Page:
Trace Defense Sneak PeekSeptember 5th, 2012 | Posted by in Game Design - (0 Comments)
It’s quiet in here…too quiet, you might say. Worry not, we’ve been hard at work on various projects, so let’s rectify that silence with a quick peek at one of our games that’s approaching release.
Our upcoming game is called Trace Defense and it will soon be coming to the Windows Phone 7 Marketplace. As you can see in the screenshot above, there are enemies closing in, and your turret is the last line of defense. But there’s a twist to this generic defense/shooter scenario… you don’t have any control over the turret, it simply targets enemies as they get too close.… Continue reading
Dynamic 2D Water EffectsAugust 14th, 2012 | Posted by in Programming - (0 Comments)
I wrote a tutorial over at gamedev.tutsplus.com about an easy way to make dynamic 2D water. Here’s a video of what it looks like:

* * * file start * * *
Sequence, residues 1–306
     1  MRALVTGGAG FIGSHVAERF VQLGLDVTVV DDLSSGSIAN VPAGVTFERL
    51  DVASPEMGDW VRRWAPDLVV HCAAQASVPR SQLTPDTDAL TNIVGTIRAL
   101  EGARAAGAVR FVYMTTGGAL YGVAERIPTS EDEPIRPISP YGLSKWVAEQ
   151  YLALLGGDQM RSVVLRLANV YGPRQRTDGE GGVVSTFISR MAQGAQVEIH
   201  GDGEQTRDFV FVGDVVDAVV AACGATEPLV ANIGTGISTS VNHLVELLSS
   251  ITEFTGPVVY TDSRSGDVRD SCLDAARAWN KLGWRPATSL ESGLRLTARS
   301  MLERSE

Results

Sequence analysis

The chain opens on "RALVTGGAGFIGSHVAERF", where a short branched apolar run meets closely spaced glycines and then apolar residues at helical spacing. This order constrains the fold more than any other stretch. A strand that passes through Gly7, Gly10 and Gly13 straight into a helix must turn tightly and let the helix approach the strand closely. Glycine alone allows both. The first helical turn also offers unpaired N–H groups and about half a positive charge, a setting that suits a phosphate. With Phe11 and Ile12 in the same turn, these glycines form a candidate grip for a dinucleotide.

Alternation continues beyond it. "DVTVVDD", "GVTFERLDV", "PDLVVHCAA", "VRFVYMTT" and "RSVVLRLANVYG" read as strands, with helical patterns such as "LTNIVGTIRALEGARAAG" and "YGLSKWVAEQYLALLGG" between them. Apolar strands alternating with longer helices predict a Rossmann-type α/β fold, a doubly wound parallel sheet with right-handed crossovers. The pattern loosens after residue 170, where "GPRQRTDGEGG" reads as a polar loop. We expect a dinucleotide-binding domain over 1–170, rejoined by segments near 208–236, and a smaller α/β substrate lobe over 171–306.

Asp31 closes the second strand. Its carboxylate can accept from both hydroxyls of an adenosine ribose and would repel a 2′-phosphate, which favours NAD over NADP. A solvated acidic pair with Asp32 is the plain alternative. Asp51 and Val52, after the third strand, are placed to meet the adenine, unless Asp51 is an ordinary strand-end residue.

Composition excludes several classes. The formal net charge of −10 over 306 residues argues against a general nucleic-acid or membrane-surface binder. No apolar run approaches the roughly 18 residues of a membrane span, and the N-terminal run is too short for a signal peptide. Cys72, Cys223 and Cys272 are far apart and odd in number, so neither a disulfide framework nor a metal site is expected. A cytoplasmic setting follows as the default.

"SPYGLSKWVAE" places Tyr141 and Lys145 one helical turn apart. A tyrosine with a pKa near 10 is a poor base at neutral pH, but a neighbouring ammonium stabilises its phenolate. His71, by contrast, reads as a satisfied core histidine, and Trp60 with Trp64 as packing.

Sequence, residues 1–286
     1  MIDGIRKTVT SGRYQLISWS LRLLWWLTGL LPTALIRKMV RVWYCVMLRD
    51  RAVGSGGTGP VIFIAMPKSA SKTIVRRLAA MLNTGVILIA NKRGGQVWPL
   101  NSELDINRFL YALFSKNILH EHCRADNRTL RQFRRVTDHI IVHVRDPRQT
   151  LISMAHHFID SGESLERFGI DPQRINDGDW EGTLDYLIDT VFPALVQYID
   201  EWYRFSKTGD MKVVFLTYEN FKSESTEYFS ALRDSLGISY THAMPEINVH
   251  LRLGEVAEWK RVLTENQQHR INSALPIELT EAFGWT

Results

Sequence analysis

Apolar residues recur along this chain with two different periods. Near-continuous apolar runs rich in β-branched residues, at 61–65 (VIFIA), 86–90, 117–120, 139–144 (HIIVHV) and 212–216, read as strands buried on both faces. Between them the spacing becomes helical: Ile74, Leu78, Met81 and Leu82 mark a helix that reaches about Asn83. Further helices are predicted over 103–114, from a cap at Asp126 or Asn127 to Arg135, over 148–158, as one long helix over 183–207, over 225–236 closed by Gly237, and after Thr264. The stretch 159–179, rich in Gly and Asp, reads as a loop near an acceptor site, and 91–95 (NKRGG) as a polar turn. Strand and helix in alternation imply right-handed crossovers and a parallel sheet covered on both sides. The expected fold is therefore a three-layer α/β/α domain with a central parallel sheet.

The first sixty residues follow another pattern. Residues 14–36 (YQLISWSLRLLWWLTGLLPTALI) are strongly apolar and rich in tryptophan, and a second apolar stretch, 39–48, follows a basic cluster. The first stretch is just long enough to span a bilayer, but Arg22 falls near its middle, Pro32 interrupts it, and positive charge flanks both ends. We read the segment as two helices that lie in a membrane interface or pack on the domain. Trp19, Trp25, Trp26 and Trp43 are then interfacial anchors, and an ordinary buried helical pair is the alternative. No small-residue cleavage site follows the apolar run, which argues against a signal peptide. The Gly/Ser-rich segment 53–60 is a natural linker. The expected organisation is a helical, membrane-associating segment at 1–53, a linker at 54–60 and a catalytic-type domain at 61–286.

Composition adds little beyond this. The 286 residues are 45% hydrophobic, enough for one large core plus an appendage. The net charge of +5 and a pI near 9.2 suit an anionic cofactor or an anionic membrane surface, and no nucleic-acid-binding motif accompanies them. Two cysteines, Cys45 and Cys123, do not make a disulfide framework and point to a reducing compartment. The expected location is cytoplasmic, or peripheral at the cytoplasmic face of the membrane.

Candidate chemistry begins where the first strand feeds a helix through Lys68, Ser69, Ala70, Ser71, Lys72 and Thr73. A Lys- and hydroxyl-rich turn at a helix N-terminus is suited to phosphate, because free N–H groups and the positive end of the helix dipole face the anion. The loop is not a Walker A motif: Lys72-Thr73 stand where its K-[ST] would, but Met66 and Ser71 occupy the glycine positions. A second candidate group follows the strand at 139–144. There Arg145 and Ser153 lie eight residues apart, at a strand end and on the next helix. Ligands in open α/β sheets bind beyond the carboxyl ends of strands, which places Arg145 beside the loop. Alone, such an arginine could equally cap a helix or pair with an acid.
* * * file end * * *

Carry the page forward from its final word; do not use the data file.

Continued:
You can read the full tutorial here. The code uses XNA.… Continue reading
Colour Bit Depth In Windows Phone AppsAugust 7th, 2012 | Posted by in Programming - (0 Comments)
Smartphones have come a long way in recent years, what with their mind-blowing 3D graphics and all. And yet, you still need to be careful when using gradients in simple 2D games, because if you don’t change your colour bit depth settings, things could get ugly.
When creating Windows Phone applications, the default setting is to run everything at a 16-bit colour depth, which can cause the horrible atrocities you see above. 16-bit colour means a total of 65 536 available colours, and while that’s not usually a problem, when you start having very shallow gradients like the ones above, the individual colour segments start to get wider and cause a problem known as banding.… Continue reading
Using Windows Phone Task Launchers “Correctly” In XNAAugust 2nd, 2012 | Posted by in Programming - (2 Comments)
If you’re developing for Windows Phone 7, you’ve probably heard (or even made use) of Microsoft’s incredibly useful Windows Phone Task Launchers (and if you haven’t, well sit down and listen up, Sparky, you won’t want to miss this). These launchers allow you to easily run various useful tasks like these: